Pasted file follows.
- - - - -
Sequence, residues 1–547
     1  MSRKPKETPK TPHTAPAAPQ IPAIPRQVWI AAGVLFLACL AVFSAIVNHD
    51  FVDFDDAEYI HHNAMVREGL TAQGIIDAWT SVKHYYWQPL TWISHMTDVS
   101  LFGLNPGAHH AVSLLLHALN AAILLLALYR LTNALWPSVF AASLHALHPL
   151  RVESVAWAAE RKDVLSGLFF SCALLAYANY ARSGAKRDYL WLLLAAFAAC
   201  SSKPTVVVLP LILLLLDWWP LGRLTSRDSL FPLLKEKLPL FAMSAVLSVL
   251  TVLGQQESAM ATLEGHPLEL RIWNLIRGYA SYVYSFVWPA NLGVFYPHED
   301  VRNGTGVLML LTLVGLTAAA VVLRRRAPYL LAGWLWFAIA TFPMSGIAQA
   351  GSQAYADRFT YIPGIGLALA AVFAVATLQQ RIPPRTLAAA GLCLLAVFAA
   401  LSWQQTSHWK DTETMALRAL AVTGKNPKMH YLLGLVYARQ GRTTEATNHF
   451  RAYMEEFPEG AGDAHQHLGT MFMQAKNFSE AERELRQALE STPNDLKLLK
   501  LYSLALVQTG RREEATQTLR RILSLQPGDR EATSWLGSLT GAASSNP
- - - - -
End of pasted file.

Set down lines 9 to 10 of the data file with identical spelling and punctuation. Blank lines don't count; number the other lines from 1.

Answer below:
   351  GSQAYADRFT YIPGIGLALA AVFAVATLQQ RIPPRTLAAA GLCLLAVFAA
   401  LSWQQTSHWK DTETMALRAL AVTGKNPKMH YLLGLVYARQ GRTTEATNHF